When he first noticed a fuzziness in his left eye, in June, high school student Josh Bangert thought he'd simply become dehydrated from playing too hard on the basketball court. As weeks went by and the 15-year-old's vision worsened, his mom took him to an eye doctor, thinking he needed glasses. Instead, she and Josh were stunned last month to hear an alarming diagnosis: He has a rare genetic disorder called Leber's hereditary optic neuropathy, also known as Leber's disease. The doctor somberly told Josh that he would be blind in three to five months.
Like millions of people last month, Nashville singer Brittany Hölljes watched the Senate testimony from Christine Blasey Ford, who alleged Supreme Court nominee Brett M. Kavanaugh sexually assaulted her in high school. She saw the committee question Ford, as Kavanaugh vehemently denied the accusation and was ultimately confirmed to the court. "The feeling of dread and desperation around making sure Christine Blasey Ford was believed and given some form of justice, and the complete and utter failure of that to happen, was so disappointing," Hölljes said. "I felt so despondent."
Research published last week by the American Geophysical Union documents a chaotic, low-frequency hum across the Ross Ice Shelf - a platform the size of France that floats off the coast of West Antarctica. The pitches are caused by wind striking snow dunes, and it's an eerie sort of song. But, the researchers argue, it's also an early warning sign for one of the nightmare scenarios in climate change science: the disintegration of Antarctica's largest ice shelf, and consequent slide of glaciers into the ocean.
Vegas Golden Knights goaltender Marc-Andre Fleury has started to wear an extra undershirt to protect himself. Even with Braden Holtby's Washington Capitals teammates toning down the power of their shots in practices, he's started to feel the sting of pucks in ways he hasn't before. The first month of new streamlined goaltender equipment, particularly around the arms, has been a painful adjustment. "You get stingers and bruises and stuff like that," Fleury said.
The tug of war over Pocahontas - the Indian chief's daughter who was born on the James River and died on the Thames River - has been going on for more than 400 years. Since the first years of the Virginia colony, the girl with a short life and a long history has been a pawn, moved this way and that to serve the interests of colonists, nations and tribes, tobacco sellers, moviemakers and activists.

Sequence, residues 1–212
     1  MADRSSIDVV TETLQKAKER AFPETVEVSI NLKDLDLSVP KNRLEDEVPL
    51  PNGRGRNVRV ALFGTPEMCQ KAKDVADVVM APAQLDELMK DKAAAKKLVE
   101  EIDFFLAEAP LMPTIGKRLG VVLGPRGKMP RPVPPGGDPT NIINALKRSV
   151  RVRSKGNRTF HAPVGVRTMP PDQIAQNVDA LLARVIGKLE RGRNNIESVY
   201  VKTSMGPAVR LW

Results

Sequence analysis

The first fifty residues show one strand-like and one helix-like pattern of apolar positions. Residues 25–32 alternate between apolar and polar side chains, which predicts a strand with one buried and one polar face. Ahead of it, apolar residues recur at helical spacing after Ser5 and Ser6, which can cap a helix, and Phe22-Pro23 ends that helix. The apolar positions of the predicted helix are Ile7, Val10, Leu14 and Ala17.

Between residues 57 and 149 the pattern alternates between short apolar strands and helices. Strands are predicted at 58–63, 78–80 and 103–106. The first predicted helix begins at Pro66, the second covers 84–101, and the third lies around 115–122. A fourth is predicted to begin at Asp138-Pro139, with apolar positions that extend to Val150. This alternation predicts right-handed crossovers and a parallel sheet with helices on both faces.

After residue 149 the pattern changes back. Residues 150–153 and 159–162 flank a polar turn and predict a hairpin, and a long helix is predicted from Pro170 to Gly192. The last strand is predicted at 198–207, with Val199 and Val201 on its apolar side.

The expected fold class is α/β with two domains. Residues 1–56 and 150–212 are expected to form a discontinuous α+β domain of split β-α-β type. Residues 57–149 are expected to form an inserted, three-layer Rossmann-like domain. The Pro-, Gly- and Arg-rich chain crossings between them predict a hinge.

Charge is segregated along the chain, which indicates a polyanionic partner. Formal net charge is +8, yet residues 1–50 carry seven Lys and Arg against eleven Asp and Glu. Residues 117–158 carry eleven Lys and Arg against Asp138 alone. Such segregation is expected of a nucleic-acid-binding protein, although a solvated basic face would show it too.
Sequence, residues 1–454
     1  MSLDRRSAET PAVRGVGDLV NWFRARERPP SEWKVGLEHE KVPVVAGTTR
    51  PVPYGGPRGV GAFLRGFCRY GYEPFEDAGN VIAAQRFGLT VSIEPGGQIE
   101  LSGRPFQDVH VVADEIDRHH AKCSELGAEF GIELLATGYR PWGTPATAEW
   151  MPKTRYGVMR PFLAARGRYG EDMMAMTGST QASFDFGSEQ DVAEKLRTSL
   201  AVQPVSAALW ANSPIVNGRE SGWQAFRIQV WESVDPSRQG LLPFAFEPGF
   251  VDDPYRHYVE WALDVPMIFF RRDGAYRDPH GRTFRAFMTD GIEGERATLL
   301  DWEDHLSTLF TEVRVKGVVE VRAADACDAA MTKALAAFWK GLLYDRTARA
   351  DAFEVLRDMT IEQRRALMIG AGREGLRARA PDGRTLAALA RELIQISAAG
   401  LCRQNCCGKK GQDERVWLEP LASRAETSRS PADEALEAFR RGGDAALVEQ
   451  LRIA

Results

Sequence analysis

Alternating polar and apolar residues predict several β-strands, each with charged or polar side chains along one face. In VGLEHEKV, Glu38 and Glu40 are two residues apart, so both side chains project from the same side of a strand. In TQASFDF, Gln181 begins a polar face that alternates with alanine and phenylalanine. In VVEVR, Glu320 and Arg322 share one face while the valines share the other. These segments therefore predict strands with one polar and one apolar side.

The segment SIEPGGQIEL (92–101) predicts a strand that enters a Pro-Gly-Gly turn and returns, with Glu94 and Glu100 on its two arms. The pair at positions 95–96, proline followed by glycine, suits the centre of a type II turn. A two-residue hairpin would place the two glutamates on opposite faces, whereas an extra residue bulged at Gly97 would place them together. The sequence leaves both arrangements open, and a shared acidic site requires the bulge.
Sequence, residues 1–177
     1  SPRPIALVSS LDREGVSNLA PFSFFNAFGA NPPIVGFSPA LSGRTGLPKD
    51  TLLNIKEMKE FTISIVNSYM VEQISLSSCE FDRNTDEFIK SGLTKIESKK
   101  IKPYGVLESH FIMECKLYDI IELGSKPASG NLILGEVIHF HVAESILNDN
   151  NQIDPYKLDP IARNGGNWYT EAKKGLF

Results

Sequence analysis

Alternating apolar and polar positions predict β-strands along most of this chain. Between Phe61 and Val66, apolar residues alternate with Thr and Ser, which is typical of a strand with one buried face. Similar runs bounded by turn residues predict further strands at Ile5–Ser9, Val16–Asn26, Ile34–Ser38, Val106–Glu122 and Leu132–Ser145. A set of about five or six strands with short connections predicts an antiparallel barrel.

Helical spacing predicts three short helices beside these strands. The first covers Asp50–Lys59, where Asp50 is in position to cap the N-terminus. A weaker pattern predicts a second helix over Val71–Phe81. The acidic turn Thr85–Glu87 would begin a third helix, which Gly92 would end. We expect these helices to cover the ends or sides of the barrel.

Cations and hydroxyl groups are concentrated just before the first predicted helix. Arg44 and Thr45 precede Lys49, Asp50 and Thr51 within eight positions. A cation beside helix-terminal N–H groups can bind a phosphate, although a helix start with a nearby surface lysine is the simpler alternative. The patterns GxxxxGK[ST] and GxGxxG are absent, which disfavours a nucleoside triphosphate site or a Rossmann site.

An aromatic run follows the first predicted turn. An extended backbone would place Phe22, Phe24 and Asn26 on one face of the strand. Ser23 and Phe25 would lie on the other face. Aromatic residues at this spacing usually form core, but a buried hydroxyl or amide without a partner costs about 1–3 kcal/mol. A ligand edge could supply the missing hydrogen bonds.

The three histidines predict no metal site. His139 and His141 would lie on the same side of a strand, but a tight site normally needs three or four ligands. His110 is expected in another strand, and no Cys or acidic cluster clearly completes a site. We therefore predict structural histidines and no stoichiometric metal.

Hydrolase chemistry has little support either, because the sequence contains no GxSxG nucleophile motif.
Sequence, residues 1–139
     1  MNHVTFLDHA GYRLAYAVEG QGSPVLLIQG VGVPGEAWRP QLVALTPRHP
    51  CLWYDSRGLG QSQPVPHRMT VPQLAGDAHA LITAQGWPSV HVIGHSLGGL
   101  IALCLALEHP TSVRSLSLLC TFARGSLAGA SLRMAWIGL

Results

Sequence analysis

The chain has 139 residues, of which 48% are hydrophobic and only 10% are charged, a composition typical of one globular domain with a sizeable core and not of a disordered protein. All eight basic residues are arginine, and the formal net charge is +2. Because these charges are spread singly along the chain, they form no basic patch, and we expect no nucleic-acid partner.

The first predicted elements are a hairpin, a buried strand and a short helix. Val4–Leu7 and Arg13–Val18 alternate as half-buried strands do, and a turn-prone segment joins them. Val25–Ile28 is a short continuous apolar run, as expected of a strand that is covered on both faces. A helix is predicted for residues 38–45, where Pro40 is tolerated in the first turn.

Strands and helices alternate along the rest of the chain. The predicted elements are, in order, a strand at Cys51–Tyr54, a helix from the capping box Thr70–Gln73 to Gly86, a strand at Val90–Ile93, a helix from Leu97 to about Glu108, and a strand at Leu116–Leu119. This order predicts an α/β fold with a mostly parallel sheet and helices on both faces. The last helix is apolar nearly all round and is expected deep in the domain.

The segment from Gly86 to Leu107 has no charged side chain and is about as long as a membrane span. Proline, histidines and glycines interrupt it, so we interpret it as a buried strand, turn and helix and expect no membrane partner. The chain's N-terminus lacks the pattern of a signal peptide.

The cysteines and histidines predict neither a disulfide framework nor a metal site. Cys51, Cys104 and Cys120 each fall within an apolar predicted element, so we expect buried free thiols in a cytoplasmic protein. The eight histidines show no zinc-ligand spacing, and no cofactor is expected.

Europeans and Americans have grown used to buying clothes made in Asian countries. But apparel-industry sourcing executives are sure that's changing: By the middle of the next decade, much more of our clothes will be made closer to home.
CIUDAD HIDALGO, Mexico - As the caravan of Central American migrants left the Mexico-Guatemala border, walking north in the heat, it became clear that the group had swelled in number. "We believe there are at least 5,600 now, and we expect more to join us" in the nearby city of Tapachula, said Rodrigo Aveja, one of the group's organizers. The group appears to be at least double the size of the caravan that wound through Central America and Mexico this spring, prompting outrage from President Donald Trump ahead of the administration's policy of family separation.
President Donald Trump says he plans to pull out of a major arms control treaty with Russia, claiming the Kremlin breached the accord on intermediate-range nuclear weapons. "We're not going to let them violate a nuclear agreement," Trump said Saturday after a campaign rally in Elko, Nevada. "We're going to terminate the agreement."
ELKO, Nev. - President Donald Trump said Saturday that Republicans are planning to implement a "very major tax cut" for middle-income earners before next month, even though Congress is out of session until after November's midterm elections. After his campaign rally in this northeastern Nevada town, Trump talked up the new round of tax cuts, but did not go into specifics. He said the cuts would be done "sometime just prior, I would say, to November."
ISTANBUL - A spokesman for Turkey's ruling party vowed Saturday, Oct. 20, that the government would "uncover what has happened" to Saudi journalist Jamal Khashoggi, as skepticism mounted over Saudi Arabia's account that the U.S.-based columnist was killed Oct. 2 during a fistfight inside the Saudi Consulate in Istanbul.